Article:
They came by car loads and U-Hauls, traversing state border after state border with acoustic guitars in tow, leaving a frosted Wisconsin for heat and sunshine during spring break. In Austin, you could locate them by the distinct smell of Janesville’s Blue Farm and Watertown’s Detjen’s Meats-or the palest skin tones south of St. Louis. March 17th saw the first iteration of SXWI invading Rainey Manor during SXSW in Austin, Texas. Headliners included All Tiny Creatures, Group of the Altos and Cedarwell. Three Madison-based music blogs hosted three sections of the showcase; Urban Agrarian (P.C. Allen, Corcovado, Pioneer and Cedarwell), Mezzic (Shane Shane, Brett Newski, Amy Musser, Subvocal and Group of the Altos), and Rock of the Arts (Double Ewes, Andrew Fitzpatrick, RichDad and All Tiny Creatures).
For more coverage, check out the following recaps:
Rock of the Arts – South by Wisconsin Debuts at SXSW 2011
Urban Agrarian – SXWI
Gallery: SXWI Showcase at SXSW 2011
The afternoon was a sunny reprieve from the dreary winter and near non-existant spring we experienced with temperatures topping mid-80s, cloudless skies and breakfast tacos as far as the eye could see. Ale Asylum’s Hoppalicious and New Glarus’ Spotted Cow flowed freely in the land of Lone Star, with the stage set up within grilling distance. With the Wisconsin state flag mounted on the basketball hoop and the screen printing station ready, the set shifted from Cedarwell to Shaneshane-the randomest juxtaposition imaginable. Shane Shane, fiercely armed with a loaded iPod, took the stage and launched into “Boomedley.” Accompanying each song were props, a giant “BOOM” for the opener before golden locks of hair with “Pretty”, or a giant weather-immune ice cream cone for “Dairy Queen.” Parts bombastic, parts shock-electro, if you weren’t in awe of the sheer showmanship, you were instead probably checking on your ticket for the official SXWI meat raffle.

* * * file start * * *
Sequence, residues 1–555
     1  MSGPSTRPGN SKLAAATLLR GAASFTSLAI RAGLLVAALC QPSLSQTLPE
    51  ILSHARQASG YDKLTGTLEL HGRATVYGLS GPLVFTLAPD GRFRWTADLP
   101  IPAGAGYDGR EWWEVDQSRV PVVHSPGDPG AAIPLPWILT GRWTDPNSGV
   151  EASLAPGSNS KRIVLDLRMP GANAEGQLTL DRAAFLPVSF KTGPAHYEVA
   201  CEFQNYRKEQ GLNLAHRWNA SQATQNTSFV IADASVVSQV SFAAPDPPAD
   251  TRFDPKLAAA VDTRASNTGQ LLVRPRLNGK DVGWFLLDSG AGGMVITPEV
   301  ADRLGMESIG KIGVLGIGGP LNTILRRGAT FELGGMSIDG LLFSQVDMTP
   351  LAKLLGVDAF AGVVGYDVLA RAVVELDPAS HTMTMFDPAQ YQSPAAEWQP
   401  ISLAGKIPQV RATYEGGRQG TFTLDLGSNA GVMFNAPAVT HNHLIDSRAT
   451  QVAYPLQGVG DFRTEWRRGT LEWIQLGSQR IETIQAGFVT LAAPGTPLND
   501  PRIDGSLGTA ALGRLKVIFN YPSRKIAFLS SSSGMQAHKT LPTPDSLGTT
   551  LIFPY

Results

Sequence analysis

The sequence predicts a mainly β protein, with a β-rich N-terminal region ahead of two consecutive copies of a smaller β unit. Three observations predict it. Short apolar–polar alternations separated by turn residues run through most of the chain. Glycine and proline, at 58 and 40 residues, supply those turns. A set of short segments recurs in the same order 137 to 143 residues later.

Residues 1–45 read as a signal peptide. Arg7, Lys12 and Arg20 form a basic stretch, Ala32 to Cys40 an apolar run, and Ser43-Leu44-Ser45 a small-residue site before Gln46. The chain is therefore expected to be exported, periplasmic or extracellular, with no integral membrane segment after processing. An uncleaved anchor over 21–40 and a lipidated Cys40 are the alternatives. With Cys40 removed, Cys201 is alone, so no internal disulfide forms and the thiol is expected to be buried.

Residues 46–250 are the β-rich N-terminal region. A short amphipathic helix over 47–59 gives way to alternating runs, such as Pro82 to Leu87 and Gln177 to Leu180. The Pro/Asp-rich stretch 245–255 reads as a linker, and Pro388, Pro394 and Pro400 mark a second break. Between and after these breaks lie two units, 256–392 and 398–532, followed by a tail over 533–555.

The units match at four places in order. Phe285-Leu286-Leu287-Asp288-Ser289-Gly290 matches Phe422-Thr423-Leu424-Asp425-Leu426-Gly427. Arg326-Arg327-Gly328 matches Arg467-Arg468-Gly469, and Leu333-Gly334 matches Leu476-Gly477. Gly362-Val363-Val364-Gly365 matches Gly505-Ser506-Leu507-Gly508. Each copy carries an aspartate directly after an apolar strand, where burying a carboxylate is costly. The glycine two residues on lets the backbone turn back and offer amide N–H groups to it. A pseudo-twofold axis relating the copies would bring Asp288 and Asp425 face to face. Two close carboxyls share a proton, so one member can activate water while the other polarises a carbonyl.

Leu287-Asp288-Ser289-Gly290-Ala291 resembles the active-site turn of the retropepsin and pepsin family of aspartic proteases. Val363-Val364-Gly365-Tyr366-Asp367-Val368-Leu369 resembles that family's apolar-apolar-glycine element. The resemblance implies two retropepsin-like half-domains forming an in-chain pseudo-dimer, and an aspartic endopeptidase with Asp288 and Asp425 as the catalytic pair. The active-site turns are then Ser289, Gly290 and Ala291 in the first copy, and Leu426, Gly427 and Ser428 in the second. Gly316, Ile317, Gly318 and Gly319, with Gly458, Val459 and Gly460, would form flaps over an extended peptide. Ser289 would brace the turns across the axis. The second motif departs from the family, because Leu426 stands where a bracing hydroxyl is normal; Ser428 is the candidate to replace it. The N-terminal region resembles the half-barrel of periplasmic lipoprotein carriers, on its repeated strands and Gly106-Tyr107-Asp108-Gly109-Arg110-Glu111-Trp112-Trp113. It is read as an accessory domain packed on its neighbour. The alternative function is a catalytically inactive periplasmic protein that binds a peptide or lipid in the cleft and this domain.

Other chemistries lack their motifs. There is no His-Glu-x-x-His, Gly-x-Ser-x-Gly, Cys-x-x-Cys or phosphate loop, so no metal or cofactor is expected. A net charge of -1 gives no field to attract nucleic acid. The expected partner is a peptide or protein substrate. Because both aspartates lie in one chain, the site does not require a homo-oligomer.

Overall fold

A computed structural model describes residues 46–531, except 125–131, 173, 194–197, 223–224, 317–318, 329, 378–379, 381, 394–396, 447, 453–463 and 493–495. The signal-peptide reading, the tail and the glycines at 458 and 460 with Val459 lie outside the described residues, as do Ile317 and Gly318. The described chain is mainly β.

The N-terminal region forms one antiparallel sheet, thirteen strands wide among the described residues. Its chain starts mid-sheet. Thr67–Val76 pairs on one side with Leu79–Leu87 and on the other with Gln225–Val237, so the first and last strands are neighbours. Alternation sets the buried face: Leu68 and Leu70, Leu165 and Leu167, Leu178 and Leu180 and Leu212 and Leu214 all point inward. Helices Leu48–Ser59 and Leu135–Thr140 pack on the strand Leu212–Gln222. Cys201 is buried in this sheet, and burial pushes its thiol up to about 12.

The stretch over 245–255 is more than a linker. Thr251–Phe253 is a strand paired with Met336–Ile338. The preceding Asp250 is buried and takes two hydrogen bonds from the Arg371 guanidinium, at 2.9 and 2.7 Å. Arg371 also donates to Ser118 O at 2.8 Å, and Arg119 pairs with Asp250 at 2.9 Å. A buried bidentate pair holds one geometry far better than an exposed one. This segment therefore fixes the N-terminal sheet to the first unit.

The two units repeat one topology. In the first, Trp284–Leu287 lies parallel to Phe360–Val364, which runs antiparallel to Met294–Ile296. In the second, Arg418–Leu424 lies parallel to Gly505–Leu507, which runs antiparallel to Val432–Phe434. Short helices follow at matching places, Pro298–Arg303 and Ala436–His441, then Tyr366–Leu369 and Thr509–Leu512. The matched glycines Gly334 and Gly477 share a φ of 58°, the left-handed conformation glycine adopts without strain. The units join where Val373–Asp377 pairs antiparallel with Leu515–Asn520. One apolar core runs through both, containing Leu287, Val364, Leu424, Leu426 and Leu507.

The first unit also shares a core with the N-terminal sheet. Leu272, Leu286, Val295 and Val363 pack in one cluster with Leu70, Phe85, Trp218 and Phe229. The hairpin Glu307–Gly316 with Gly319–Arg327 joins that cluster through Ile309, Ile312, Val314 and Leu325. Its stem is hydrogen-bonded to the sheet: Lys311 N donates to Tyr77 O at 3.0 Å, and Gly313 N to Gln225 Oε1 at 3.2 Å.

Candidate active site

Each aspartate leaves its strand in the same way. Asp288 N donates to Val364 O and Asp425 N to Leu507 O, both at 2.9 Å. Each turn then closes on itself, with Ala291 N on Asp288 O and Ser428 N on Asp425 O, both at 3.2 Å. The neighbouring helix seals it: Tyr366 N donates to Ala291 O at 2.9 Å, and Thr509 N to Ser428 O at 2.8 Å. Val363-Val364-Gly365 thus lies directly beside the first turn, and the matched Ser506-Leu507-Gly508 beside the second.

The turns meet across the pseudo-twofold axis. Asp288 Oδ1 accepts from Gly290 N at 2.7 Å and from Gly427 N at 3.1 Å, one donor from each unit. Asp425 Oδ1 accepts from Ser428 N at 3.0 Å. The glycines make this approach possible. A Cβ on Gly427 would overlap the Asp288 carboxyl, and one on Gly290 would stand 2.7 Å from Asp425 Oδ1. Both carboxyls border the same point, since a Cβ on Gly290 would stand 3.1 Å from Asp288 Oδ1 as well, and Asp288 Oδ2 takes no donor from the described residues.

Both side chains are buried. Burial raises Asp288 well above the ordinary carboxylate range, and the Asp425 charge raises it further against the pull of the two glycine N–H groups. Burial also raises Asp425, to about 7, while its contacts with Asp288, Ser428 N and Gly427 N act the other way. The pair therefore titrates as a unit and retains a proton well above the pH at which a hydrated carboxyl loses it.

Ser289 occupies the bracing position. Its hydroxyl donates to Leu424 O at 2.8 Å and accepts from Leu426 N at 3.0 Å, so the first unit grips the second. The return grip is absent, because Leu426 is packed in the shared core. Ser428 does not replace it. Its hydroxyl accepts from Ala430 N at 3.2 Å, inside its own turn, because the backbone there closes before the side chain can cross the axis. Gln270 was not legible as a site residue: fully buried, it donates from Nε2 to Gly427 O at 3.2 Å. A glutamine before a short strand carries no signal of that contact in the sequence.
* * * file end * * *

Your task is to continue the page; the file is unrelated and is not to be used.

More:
Following up Shane Shane, Brett Newski of The Nod (their CD release show is July 8th at the Terrace) stepped away from his band to perform acoustic with Hutch Harris/Ted Leo evoking vocals. Impassioned despite minor technical problems delaying the start and cutting short the set, Brett adjusted to perform uptempo folk-rock fitting the constraints. Yet evidenced by wrapping up with the harmonica-laced ” “, the heat of the moment didn’t overwhelm him as the stage was given over to the cool, softer songwriter Amy Musser.
Amy extended the previous night’s French showcase to Rainey Manor with her French/English mini set. With a cool breeze coming in and deep into the afternoon, everyone moved up to the front, sitting as the little community we are as she began with “Champagne” and “Rien de Rien,” two French songs that formed in the snowy north before their southern debut. Amy joked with the crowd introducing with “Love and Warfare,” a ‘drinking song’ where every mention of ‘it’ was five sips. She was as calm as a summer’s night as the collaboration with P.C. Allen debuted. “You showed me how to love wrong, or be smitten” introduced Peter, leaning over his acoustic as the upstrokes and smiles between the two counterbalanced the solitary, trouble-with-love lyrics. For the first appearance I caught outside of Madison, the crowd easily caught on to what Wisconsin had grown to know, drawing Amy into open arms.
Subvocal was moved to after Group of the Altos, changing the set lineup a bit. Mark Adkins had the look of a traveled musician on stage with the dust of state after state still settling around his guitar. Singing, even in the late afternoon heat, he still captured the classic essence that gave life to classic rock and echoed against the sun-bleached fences to give a timeless element to the inaugural showcase.
Milwaukee’s Group of the Altos headlined our section of SXWI, starting their instrumental opuses off with a saw, trumpet, violin, keys and three guitars, a bassist and a drummer. Involving members of Collections of Colonies of Bees and Volcano Choir, Group of the Altos stirred the dust and enraptured the attention of those who strayed away from 6th Street. The songs, without introductions or the expected small talk, started with a fresh foundation awash in layers of guitars. The violin and trumpet were the counterweights, pivoting songs away from a path to dreariness that comes from pure expertise.
They led us each on those trails long enough to mesmerize, only to turn a corner or traverse a hill revealing a soundscape. The final song lasted five minutes, established by two drums with precisely placed tight cymbal strikes. A trumpet surged with crescendos, opening the music as if commanding military columns to break the front lines. The front lines let the entire opus march straight to a sheer wall before dropping back with a swiftness as if the dust and debris around the Manor dissipated with the daylight.
SXWI still elicits fond memories and late night Austin cravings, with many of us have succumbed to creating makeshift breakfast tacos to cope. 2012 is too, too far away bringing with it the next bastion of Wisconsin musicians, artists, promoters, beer and brats return for a follow-up.